Romney goes for the kill on Super Tuesday

The Signal

We have held all along that Mitt Romney will be the Republican Party's nominee for president. Since his double win last week in Arizona and Michigan, his odds in the prediction markets have jumped above 80 percent. That's likely to go up again after Super Tuesday, since the most likely scenario has Romney winning 7 of the 10 states, Rick Santorum taking 2, and Newt Gingrich winning his home state of Georgia.

The question is whether voters in future primaries decide the race is effectively over after Tuesday and flock to Romney, or whether Santorum lives to fight another day in the polls. A big-enough night for Santorum could prolong his eventual defeat, since polls tend to be more short-sighted than markets. Here are the odds for tomorrow's individual elections:

We can predict with near certainty that Romney will win in Virginia (where only he and Ron Paul are on the ballot), his home turf of Massachusetts, neighboring Vermont, and Idaho. Gingrich likewise has odds of about 95 percent in Georgia.

Romney has 81.6 percent odds in the crown jewel, Ohio, though polls—which lag compared to markets—have him virtually tied with Santorum. (The odds swung significantly in his favor after last week's wins in Arizona and Michigan.) As we've noted before, this literally means that 1 out of 5 times, Santorum pulls off an upset win. Meanwhile, Santorum has 88.6 percent odds in conservative Oklahoma.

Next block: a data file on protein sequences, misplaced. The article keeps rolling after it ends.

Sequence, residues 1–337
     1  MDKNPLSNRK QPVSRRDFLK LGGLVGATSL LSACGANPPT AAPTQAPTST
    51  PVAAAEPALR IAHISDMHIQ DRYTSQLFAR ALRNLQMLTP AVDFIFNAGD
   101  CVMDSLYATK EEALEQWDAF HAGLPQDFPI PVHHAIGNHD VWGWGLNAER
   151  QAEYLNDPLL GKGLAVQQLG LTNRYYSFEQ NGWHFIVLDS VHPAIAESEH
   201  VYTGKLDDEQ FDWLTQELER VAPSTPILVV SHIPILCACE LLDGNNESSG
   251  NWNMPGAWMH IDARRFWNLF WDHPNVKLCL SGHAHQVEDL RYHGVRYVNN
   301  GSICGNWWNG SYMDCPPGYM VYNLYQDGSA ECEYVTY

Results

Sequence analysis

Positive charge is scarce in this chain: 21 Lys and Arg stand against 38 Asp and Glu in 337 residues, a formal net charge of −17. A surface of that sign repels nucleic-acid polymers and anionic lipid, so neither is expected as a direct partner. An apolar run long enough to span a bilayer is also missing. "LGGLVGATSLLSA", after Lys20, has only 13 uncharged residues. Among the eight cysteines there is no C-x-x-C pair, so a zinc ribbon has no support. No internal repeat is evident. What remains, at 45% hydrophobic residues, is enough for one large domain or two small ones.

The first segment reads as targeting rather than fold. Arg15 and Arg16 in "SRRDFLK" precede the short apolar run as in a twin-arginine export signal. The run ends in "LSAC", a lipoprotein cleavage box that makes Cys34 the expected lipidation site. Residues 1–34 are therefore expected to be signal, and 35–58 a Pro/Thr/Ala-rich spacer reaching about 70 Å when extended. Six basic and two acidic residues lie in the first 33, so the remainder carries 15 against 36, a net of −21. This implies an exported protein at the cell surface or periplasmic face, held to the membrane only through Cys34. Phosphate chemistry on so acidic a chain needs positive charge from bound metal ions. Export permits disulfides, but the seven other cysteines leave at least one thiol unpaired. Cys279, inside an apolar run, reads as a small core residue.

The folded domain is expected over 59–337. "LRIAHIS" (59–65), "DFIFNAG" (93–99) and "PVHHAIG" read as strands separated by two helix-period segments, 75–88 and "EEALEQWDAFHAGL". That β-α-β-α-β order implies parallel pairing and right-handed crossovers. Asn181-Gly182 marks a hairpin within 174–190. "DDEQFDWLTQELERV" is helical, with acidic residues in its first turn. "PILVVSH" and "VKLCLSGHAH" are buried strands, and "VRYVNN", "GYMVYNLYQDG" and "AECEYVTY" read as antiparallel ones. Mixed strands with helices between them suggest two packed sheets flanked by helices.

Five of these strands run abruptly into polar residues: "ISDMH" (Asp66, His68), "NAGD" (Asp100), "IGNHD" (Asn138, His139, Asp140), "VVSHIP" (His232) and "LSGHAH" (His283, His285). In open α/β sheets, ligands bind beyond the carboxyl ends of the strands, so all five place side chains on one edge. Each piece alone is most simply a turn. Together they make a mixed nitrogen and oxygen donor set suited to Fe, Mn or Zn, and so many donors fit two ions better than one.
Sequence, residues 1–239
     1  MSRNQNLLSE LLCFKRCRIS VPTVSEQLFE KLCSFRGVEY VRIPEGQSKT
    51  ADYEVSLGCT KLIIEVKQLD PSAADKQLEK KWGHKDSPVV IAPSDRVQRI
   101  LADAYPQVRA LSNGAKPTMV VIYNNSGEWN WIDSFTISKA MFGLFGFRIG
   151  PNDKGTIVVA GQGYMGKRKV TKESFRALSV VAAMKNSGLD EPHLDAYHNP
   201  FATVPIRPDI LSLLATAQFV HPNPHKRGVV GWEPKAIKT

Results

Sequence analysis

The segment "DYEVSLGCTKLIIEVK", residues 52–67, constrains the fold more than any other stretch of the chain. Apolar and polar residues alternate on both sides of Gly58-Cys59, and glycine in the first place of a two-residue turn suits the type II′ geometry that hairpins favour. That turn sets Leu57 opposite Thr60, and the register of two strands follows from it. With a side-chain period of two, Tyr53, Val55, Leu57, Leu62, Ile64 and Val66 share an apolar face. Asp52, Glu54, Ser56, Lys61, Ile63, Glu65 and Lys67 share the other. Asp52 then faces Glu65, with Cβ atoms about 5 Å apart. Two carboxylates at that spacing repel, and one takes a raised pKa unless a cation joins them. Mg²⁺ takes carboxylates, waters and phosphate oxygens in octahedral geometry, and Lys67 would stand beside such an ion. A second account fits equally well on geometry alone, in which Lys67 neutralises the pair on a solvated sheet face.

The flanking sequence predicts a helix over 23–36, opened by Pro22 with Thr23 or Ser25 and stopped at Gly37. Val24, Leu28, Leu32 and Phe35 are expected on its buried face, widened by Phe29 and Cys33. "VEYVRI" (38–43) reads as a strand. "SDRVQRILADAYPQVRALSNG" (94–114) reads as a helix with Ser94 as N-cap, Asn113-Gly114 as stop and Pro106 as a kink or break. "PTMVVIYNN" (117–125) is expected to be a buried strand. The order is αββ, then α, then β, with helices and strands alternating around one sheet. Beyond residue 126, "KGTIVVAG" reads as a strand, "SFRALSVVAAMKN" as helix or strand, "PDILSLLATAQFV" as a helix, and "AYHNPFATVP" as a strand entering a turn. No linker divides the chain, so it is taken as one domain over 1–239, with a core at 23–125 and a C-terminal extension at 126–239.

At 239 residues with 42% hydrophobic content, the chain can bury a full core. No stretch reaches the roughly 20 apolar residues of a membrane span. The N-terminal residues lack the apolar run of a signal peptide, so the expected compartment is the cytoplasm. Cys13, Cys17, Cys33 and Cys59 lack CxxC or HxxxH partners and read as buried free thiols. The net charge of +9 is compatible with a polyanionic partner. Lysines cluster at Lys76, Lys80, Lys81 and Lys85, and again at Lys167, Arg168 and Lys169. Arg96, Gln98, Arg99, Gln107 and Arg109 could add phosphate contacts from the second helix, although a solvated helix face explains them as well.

That leaves North Dakota and Alaska, where Romney has odds around 75 percent, and Tennessee, where Santorum leads with 57 percent of the vote.

There are 419 delegates at stake Tuesday, and Romney could take the vast majority if he meets or exceeds expectations. The former Massachusetts governor already has an 86.4 percent chance to be the Republican nominee for president, and he will still be the overwhelming favorite to win the nomination regardless of the outcome on Super Tuesday. The question is whether he can effectively seal the deal Tuesday, or leave Santorum enough delegates to hang on to even an imaginary claim to the nomination.

David Rothschild is an economist at Yahoo! Research. He has a Ph.D. in applied economics from the Wharton School of Business at the University of Pennsylvania. Follow him on Twitter @DavMicRot and email him at

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